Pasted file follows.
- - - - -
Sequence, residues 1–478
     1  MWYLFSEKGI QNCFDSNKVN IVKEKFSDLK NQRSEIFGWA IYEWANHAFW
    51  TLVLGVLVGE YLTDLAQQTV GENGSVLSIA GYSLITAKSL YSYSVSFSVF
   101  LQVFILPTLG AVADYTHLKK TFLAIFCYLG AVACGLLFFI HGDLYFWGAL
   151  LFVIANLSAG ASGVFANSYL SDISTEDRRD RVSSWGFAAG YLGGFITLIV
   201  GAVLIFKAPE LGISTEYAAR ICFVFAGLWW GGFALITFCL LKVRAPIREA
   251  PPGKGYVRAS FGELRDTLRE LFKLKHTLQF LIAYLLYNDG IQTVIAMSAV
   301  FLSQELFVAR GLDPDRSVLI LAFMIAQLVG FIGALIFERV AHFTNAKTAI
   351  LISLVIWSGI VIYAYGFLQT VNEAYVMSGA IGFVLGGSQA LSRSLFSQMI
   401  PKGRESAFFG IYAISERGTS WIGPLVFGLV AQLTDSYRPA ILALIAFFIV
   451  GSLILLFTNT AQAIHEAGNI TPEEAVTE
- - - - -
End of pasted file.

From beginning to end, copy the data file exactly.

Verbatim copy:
Sequence, residues 1–478
     1  MWYLFSEKGI QNCFDSNKVN IVKEKFSDLK NQRSEIFGWA IYEWANHAFW
    51  TLVLGVLVGE YLTDLAQQTV GENGSVLSIA GYSLITAKSL YSYSVSFSVF
   101  LQVFILPTLG AVADYTHLKK TFLAIFCYLG AVACGLLFFI HGDLYFWGAL
   151  LFVIANLSAG ASGVFANSYL SDISTEDRRD RVSSWGFAAG YLGGFITLIV
   201  GAVLIFKAPE LGISTEYAAR ICFVFAGLWW GGFALITFCL LKVRAPIREA
   251  PPGKGYVRAS FGELRDTLRE LFKLKHTLQF LIAYLLYNDG IQTVIAMSAV
   301  FLSQELFVAR GLDPDRSVLI LAFMIAQLVG FIGALIFERV AHFTNAKTAI
   351  LISLVIWSGI VIYAYGFLQT VNEAYVMSGA IGFVLGGSQA LSRSLFSQMI
   401  PKGRESAFFG IYAISERGTS WIGPLVFGLV AQLTDSYRPA ILALIAFFIV
   451  GSLILLFTNT AQAIHEAGNI TPEEAVTE